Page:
It’s a favored tradition for people who practice their civic duty and participate in a presidential election: Pick up a coveted “I Voted” sticker when leaving a polling station, and then share a picture of it on social media for all to see.
But for many Tuesday, the excitement of getting one of the small oval stickers bearing an American flag never came. Some polling stations, it turns out, just didn’t have them on hand, leaving many feeling left out.
“I didn’t get one,” said a dejected Elisabeth Sweeney, of Woburn. “I was kind of just excited, obviously, because for social media it’s fun. And to wear it today, it shows people it’s important to vote and that you are taking on that responsibility. So I was definitely disappointed.”
There’s a reason Woburn was without stickers this year — lack of funding.
A woman who answered the phone at the city clerk’s office said that due to budget cuts, they decided against the stickers.
“It’s not supplied by the state, so it’s something we have to do ourselves,” said Diane Stiffler. “It’s one of those things. When the budget goes down, something’s got to go.”
Brian McNiff, spokesman for the state Elections Division, said it falls on the shoulders of individual cities and towns to stock up on stickers for Election Day. It’s not a requirement, he said, to give away the symbolic adhesive labels to anyone who walks through the doors.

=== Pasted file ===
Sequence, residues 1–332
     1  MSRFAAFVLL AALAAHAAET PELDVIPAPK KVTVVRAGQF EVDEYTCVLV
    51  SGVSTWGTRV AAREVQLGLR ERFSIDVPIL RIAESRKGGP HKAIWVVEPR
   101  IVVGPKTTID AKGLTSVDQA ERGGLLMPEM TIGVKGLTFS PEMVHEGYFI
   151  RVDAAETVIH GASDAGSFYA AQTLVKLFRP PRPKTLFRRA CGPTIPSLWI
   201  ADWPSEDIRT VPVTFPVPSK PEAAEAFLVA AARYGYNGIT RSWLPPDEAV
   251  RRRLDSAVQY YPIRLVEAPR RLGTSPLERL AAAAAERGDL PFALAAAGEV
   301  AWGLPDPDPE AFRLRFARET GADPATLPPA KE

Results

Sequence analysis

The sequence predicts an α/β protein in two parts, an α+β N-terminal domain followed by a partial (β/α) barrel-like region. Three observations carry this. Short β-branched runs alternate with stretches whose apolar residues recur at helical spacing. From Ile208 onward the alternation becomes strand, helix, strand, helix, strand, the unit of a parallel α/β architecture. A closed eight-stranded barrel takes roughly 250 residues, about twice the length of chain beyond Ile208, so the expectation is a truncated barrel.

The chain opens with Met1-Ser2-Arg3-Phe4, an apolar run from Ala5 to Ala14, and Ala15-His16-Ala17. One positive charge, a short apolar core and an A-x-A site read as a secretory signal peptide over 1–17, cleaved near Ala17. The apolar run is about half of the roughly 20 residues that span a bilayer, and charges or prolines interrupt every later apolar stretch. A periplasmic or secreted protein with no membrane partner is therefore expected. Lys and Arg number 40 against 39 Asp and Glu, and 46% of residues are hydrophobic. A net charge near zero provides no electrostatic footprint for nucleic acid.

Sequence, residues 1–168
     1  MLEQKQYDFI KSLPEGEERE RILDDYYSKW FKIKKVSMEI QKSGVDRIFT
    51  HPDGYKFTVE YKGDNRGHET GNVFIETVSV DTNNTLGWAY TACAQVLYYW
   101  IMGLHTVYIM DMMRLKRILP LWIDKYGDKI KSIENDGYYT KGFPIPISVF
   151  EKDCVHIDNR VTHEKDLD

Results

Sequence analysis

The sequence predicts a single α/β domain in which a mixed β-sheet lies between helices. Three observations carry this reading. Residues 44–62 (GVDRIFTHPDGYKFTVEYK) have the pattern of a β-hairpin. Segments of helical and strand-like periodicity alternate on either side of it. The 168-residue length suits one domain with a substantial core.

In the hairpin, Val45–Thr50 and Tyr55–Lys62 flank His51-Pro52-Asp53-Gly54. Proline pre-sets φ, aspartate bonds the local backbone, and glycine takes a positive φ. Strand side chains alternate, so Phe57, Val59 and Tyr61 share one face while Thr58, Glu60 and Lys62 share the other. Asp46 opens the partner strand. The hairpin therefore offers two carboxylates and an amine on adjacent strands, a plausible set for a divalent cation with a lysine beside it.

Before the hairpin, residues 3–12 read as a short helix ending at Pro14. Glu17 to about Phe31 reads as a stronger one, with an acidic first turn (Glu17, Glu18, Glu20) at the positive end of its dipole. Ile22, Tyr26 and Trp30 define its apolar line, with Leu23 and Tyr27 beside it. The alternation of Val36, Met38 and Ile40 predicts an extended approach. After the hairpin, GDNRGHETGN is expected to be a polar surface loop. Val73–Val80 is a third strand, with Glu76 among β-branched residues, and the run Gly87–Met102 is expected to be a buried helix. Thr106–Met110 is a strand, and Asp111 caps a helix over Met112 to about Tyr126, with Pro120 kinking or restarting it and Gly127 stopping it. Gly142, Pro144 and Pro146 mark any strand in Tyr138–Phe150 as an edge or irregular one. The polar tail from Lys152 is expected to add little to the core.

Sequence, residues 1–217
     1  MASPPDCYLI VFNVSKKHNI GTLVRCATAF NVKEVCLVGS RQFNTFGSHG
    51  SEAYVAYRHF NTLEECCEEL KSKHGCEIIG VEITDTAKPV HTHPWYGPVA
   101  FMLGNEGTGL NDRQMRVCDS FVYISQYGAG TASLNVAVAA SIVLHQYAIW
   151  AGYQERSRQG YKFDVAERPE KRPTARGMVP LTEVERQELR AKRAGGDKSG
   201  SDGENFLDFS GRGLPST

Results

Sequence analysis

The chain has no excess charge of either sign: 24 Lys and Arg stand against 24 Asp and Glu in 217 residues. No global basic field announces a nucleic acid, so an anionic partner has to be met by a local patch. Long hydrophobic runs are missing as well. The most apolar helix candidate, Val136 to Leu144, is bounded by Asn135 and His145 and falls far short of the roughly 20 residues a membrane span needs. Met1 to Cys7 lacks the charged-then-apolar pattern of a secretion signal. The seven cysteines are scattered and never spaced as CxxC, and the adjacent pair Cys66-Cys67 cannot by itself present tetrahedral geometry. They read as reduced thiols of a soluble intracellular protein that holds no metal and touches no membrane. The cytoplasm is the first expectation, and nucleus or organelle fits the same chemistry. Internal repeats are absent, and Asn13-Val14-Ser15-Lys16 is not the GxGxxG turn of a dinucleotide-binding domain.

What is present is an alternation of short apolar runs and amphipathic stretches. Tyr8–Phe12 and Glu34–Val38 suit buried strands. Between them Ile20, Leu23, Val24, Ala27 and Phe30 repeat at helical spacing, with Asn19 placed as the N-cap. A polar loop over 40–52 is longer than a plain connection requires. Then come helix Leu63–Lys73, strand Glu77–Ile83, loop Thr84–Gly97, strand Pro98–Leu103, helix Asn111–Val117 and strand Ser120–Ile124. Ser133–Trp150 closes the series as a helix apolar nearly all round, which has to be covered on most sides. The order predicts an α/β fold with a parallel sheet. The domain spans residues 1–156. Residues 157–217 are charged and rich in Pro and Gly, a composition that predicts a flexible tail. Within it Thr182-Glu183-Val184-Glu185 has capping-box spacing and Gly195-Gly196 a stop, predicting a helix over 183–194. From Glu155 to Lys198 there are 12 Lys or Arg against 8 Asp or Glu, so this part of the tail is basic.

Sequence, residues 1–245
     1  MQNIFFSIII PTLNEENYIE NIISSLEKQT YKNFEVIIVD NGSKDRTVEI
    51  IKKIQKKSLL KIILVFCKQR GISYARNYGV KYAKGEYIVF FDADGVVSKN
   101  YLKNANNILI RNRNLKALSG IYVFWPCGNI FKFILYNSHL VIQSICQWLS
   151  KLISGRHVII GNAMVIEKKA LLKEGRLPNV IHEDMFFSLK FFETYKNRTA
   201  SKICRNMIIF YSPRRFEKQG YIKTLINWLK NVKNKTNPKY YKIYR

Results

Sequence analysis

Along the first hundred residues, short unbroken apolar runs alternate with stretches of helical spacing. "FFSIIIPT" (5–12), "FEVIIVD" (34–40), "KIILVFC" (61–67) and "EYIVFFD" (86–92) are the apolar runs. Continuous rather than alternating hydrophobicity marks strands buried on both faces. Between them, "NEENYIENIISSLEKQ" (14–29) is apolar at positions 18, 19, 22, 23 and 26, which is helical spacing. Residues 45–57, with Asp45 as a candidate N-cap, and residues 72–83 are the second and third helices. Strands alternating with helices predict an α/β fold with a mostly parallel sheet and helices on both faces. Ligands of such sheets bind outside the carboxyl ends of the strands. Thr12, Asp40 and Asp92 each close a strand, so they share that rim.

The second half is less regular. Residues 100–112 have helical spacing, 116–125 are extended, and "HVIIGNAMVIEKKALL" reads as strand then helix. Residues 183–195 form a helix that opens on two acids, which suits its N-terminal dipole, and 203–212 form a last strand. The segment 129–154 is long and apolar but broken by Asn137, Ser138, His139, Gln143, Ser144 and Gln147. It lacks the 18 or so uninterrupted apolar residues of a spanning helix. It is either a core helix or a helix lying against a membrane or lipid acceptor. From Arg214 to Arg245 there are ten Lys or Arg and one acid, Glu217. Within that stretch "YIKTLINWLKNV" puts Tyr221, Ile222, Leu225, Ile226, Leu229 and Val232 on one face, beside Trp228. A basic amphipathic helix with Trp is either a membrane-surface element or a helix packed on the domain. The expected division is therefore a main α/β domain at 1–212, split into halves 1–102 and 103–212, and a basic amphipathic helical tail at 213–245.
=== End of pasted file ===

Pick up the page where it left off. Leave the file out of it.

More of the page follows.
“Some have them, some don’t,” he said, adding that the tradition seemed relatively new. “I think, with the level of voting today, maybe some places just ran out.”
A North Carolina election-supply company, Intab LLC, is credited with making the stickers a popular Election Day item.
Beyond being a signifying mark that voters this year could breath a sigh of relief, and put this election behind them, the stickers also allow voters access to certain perks. Places such as Red Apple Farm, in Boston Public Market, give away goodies like doughnuts if a voter stops by their business and flashes the sticker. Other establishments are offering discounts on cocktails, and free appetizers, sandwiches, or cookies.
A quick scroll through Instagram and Twitter Tuesday revealed handfuls of people sharing pictures of their stickers, proudly exclaiming through images that they had taken part in the democratic process. Some people planted the stickers on their lapels or front of their shirts. Others placed the stickers on their fingers, and tried for a more artistic Instagram shot to share with their followers.
Christian Ordonez, 19, a first-time voter, didn’t get to do either.
Ordonez said his polling station in Revere didn’t have the stickers when he arrived. He said he felt as though he was left out of a tradition many have enjoyed before him.
“I feel as though voting is contributing to the country, and it’s a part of history as well, and a lot of us are first-time voters,” he said. “So [getting a sticker] is all part of the experience.”
But he let it be, he said. Ordonez did what counted: He voted.
“I just forgot about it,” he said.
No sticker at the polling place. WHAT IS EVEN THE POINT?!— Elsje (Ellllllshha) (@Elsjeswny) November 8, 2016
Voted, no sticker. My sorrows --> pic.twitter.com/PfEa0NuIML— Ian Dunkle (@LettuceByRail) November 8, 2016
I voted - no sticker - the Mayor of Woburn cut them out of the budget, the workers were happy to tell me, and to... https://t.co/ZSdpkkQRkv— Mogrianne (@Mogrianne) November 8, 2016
I DESERVE A STICKER FOR MY CIVIC DUTY— kathryn (@kathrynlillian_) November 7, 2016
Just voted and didn't even get an "I Voted" sticker. I am LIVID. #iVoted— Catherine Ozek (@cmozek) November 8, 2016